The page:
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At the Movies with Alan Gekko: The Finest Hours

MPAA Rating: PG-13/ Genre: Historical-Adventure-Disaster-Drama/ Stars: Chris Pine, Casey Affleck, Ben Foster, Holliday Grainger, John Ortiz, Eric Bana, Josh Stewart, Graham McTavish, Kyle Gallner, John Magaro, Rachel Brosnahan, Michael Raymond-James/ Runtime: 117 minutes

When one digs deeper into the true story that has inspired director Craig Gillespie and studio Disney’s new film The Finest Hours one will soon see that is just absolutely amazing and to be honest kind of incredible that it’s never been adapted into a motion picture before. This is because upon seeing it one will realize that The Finest Hours is an absolutely fantastic tale of love, danger, courage and ingenuity, and even has a bit of the “miraculous” sprinkled on top. Indeed while the movie itself runs into a few issues in its telling of this phenomenal story, it’s still at the end of the day a pretty impressive one to watch unfold.

The plot is as follows: Based on the book of the same name by Casey Sherman and Michael J. Tougias, The Finest Hours is set in the early ‘50s and centers on the story of a Mr. Bernie Webber (Chris Pine), a United States Coast Guardsman who has spent his whole life doing everything by the book, including not even willing to call himself engaged to be married to the love of his life, Miriam (Holliday Grainger), until he gets permission from his commanding officer (a very interesting with a southern accent Eric Bana). Yet while Bernie has a touch of a tragic past, having once failed to save many lives during a rescue mission, he nevertheless remains resilient and brave in the face of overwhelming odds….a factor which soon becomes incredibly important when a terrifying and potentially catastrophic disaster strikes. A disaster which takes the form of, during epic storm conditions, and about ten miles off the coast, the waves prove to be so rough that a T2 tanker gets completely and totally split in half with the bow gone within a matter of minutes and the stern left floating but slowly sinking. Yet tragically, an almost identical disaster twenty miles off the coast of Nantucket soon leaves almost every available rescue ship otherwise occupied, a fact which forces first assistant engineer Ray Sybert (Casey Affleck) to use every trick he knows to keep what remains of the ship plus the 33 surviving members of the crew alive and above water. Indeed from all perspectives, this seems like a circumstance from which it’s impossible to survive, but unsurprisingly that doesn’t stop Bernie from committing to his duties by putting together a skeleton crew (Ben Foster, Kyle Gallner, John Magaro) in what mostly everyone else is calling a suicide mission and taking to the sea in a small vessel in an attempt to save those 33 lives no matter what the cost….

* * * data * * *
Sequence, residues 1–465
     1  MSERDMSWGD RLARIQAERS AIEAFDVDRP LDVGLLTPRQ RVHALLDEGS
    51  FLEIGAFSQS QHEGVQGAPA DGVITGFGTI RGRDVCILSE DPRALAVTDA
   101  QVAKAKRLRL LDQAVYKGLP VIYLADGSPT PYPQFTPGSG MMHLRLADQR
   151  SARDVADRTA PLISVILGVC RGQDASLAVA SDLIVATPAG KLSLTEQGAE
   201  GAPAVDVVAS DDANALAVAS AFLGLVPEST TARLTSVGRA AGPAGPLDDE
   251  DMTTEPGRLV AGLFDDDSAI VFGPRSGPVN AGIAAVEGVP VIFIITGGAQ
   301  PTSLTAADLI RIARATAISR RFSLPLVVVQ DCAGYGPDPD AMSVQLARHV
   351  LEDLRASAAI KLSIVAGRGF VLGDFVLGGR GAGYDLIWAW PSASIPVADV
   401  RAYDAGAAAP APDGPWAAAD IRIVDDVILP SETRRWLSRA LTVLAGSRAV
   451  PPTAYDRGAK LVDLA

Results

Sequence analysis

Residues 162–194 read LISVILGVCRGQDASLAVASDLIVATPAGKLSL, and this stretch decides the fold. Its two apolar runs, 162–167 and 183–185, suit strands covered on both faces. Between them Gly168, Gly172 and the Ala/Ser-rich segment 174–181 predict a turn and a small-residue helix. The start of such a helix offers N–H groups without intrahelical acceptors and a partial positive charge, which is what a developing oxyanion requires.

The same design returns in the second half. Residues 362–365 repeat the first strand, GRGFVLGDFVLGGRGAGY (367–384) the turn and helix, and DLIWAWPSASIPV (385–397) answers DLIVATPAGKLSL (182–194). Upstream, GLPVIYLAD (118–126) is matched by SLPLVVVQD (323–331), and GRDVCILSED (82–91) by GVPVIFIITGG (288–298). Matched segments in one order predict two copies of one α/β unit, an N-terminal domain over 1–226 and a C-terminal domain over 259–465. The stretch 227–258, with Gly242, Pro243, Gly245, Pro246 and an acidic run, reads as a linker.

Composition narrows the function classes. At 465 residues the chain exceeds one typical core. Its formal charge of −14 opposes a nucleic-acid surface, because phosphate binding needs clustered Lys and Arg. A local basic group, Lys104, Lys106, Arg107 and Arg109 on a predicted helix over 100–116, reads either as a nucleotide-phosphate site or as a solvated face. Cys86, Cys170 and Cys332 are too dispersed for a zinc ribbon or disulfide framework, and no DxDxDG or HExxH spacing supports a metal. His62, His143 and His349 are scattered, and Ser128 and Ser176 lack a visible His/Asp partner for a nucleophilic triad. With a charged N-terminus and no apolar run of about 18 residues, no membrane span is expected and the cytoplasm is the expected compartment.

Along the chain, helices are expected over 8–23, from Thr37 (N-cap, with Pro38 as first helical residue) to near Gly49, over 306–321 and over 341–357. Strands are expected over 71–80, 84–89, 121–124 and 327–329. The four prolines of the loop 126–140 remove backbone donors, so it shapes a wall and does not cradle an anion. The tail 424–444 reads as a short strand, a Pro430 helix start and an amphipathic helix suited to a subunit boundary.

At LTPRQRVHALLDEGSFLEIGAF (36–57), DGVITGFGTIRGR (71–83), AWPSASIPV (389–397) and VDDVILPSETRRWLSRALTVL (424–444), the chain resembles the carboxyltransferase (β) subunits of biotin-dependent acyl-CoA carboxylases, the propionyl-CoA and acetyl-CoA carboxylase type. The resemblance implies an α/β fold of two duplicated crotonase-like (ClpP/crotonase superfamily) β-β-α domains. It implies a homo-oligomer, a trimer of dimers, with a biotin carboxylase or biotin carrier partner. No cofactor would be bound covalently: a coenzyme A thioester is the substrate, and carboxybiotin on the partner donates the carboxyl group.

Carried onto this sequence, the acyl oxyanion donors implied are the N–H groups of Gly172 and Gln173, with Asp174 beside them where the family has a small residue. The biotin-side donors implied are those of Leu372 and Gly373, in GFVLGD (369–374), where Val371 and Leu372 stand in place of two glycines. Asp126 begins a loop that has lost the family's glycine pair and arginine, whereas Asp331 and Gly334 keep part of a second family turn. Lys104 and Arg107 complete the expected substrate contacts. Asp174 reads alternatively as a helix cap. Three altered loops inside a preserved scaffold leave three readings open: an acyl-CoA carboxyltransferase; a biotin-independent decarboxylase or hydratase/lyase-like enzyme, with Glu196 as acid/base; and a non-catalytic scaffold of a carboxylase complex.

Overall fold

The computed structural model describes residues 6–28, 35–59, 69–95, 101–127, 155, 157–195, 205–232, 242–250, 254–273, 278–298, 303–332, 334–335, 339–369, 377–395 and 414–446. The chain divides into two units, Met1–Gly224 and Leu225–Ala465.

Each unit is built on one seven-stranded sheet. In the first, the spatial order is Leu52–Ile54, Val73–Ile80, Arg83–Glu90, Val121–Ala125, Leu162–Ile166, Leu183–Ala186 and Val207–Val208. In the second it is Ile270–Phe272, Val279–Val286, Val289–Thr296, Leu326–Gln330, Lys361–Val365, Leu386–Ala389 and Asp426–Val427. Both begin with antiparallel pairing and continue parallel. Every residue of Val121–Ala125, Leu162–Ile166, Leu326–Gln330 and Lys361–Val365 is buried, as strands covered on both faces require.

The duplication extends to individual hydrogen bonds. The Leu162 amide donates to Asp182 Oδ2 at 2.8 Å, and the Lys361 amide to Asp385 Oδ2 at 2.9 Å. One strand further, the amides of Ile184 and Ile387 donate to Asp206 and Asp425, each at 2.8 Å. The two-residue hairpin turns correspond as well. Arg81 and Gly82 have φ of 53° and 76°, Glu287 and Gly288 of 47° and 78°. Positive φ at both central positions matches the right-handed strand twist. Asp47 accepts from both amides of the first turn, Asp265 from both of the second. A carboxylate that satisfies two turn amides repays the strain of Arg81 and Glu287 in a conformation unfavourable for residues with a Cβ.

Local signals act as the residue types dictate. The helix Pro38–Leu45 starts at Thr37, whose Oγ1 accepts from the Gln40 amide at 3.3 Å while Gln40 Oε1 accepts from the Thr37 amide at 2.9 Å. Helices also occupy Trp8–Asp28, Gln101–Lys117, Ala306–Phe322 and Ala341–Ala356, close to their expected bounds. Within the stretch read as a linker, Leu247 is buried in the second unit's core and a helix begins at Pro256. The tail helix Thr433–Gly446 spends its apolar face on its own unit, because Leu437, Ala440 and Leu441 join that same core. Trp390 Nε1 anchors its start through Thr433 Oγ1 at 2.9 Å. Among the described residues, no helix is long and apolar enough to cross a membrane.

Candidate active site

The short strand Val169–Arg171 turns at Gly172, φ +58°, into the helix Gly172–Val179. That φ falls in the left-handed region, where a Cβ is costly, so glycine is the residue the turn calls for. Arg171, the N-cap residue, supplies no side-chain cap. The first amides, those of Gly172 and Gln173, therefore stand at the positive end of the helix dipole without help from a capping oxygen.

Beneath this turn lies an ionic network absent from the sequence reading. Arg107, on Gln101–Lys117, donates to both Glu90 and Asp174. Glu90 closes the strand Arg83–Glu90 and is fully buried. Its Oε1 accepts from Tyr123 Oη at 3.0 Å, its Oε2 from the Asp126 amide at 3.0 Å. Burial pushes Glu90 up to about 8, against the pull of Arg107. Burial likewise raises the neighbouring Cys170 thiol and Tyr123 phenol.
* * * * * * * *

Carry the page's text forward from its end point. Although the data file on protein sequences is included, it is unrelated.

Now by employing a split narrative that has audiences following the events taking place on the slowly-sinking ship as closely as the rescue mission racing against time to get there we as an audience get to witness a series of constantly new obstacles for the characters to work their way around, as well as new threats managing to present themselves. This then allows us as audience members not only to see that the sense of danger is seemingly constant, but to raise the stakes all the higher as well. Indeed whether it’s Sybert’s mission to steer towards a shoal and stop the T2 from sinking by practically running her aground, or the bar of seemingly endless smashing waves keeping Webber and his crew separated from the half of the destroyed ship that is still afloat the movie does a fantastic job of constantly making you question whether or not our heroes will survive and truly keeps you invested in their fate. Yet while sadly it doesn’t all work, as time spent with Miriam on shore as the worried significant other unfortunately doesn’t really add much of anything to the narrative, because with conditions like the ones present you really to an extent don’t need extra incentive to hope Bernie lives, but above all the positive qualities of this story truly do outweigh the negatives.